Research Sheds New Light on Immune Response During Infection
The immune system recognizes a virus and produces a substance that neutralizes it.
A previously unknown layer of antiviral defense that exerts its action on epithelial surfaces before an interferon response has been identified by researchers at Aarhus University.
The newly discovered immune reaction is activated when the body's mucous membranes are disrupted, as they are when viruses and bacteria attempt to establish an infection, according to the study researchers, who reported their findings in Nature Immunology.
The immune system recognizes the virus and produces a substance that neutralizes it. If this first immune reaction is not sufficient to suppress the virus, the infection establishes itself in the body. This in turn triggers the next reaction involving interferon, according to the researchers.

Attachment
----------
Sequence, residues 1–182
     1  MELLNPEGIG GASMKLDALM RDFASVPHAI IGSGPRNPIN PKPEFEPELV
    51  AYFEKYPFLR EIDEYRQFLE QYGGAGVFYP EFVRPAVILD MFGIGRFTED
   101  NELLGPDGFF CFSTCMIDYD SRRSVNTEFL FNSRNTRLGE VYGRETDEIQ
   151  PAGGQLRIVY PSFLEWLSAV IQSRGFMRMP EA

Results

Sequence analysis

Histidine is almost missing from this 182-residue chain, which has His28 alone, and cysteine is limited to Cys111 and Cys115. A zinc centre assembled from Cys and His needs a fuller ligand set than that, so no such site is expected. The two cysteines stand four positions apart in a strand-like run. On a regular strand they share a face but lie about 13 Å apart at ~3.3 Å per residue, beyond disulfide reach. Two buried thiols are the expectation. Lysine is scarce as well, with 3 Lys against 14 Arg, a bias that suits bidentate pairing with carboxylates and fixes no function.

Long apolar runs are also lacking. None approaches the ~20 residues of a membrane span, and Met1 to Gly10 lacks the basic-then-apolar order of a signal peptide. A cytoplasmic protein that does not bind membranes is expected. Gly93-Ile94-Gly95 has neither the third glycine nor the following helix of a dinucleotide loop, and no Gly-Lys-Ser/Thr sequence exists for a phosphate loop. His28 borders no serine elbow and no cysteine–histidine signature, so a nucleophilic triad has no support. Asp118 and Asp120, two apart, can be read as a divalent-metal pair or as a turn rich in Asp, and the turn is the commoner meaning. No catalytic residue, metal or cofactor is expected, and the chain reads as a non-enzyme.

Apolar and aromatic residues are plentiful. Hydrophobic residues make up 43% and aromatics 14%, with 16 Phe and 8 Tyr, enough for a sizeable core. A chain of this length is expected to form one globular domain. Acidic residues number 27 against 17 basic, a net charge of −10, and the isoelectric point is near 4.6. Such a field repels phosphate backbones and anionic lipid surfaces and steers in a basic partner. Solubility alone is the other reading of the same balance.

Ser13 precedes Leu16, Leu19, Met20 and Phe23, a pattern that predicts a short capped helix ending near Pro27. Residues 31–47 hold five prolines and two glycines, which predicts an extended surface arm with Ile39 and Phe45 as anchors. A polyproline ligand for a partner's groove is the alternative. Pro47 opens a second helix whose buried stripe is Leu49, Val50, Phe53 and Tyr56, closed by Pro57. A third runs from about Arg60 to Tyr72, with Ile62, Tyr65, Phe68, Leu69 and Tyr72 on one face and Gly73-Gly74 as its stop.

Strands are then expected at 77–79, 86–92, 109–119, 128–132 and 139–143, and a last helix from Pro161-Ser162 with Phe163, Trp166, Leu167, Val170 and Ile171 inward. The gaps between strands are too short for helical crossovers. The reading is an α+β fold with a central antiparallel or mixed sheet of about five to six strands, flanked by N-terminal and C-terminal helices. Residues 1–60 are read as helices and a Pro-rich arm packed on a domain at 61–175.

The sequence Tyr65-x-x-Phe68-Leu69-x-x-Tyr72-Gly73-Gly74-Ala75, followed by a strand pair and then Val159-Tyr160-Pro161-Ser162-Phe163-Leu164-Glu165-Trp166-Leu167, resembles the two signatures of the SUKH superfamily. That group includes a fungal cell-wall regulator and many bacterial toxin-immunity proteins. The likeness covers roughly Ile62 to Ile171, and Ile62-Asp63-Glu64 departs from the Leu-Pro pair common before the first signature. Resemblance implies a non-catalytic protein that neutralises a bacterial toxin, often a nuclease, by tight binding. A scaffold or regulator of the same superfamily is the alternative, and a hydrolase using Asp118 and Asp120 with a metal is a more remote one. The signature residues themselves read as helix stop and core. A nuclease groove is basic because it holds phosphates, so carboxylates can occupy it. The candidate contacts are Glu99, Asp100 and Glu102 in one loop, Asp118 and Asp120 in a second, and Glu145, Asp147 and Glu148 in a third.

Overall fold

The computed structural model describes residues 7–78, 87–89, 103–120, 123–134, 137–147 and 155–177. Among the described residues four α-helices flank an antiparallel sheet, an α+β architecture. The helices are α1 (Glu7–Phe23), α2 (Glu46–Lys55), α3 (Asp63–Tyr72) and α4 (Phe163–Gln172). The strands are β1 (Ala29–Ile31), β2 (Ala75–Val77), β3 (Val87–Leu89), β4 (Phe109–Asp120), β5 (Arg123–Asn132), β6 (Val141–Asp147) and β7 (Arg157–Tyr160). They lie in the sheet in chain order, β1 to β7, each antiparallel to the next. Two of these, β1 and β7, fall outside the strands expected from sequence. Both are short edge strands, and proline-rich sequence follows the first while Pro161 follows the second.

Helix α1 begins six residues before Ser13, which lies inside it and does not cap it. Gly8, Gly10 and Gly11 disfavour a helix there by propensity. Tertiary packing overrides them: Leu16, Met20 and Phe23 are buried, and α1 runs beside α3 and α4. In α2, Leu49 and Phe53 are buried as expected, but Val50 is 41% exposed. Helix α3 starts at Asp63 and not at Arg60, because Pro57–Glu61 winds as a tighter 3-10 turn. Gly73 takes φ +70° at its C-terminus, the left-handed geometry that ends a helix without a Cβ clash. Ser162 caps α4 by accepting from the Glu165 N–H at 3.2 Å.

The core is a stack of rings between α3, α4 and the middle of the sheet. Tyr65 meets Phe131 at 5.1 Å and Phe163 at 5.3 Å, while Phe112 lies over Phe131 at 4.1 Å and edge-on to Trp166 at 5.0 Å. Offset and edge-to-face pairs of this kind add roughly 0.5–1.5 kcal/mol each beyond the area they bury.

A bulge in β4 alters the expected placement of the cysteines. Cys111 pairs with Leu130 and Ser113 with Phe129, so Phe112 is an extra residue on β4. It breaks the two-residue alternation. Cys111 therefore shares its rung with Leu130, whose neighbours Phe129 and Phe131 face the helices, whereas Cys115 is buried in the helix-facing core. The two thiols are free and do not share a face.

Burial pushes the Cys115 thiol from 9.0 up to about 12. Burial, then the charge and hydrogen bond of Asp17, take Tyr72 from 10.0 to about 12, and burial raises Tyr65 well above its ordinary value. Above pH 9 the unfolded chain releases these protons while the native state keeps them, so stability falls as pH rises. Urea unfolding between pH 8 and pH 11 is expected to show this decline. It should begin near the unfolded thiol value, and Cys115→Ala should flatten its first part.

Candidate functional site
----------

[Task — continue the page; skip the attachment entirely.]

"Our study fundamentally alters our understanding of how the body begins its defense against viruses. This can help to explain how we can be constantly exposed to the viruses and bacteria that always surround us, without activating the entire immune system every time, something that would lead to more frequent influenza-like symptoms," Søren Riis Paludan, professor at the Department of Biomedicine at Aarhus University, said in a prepared statement about the study.
He has headed the research project in Aarhus, while also collaborating with researchers from the University of Copenhagen as well as from universities in the United States and Germany.
Experiments on mice have shown that mice, lacking this first defense mechanism, become ill if they are exposed to herpes virus, while normal mice remain healthy.
"We do not yet know the precise significance of this mechanism, but it may explain why some people become more ill from viral infections such as influenza than others. The same may apply to other viral infections that are initiated on mucous membranes such as HIV and herpes. We will now begin to map out the molecules that are involved. Once we have done this, it will be possible to identify people with defects in the mechanism, just as there is a potential to develop new forms of treatment. At the same time, the mechanism may turn out to have significance also for non-viral diseases, so continued research into this area shows great potential," explained Søren Riis Paludan.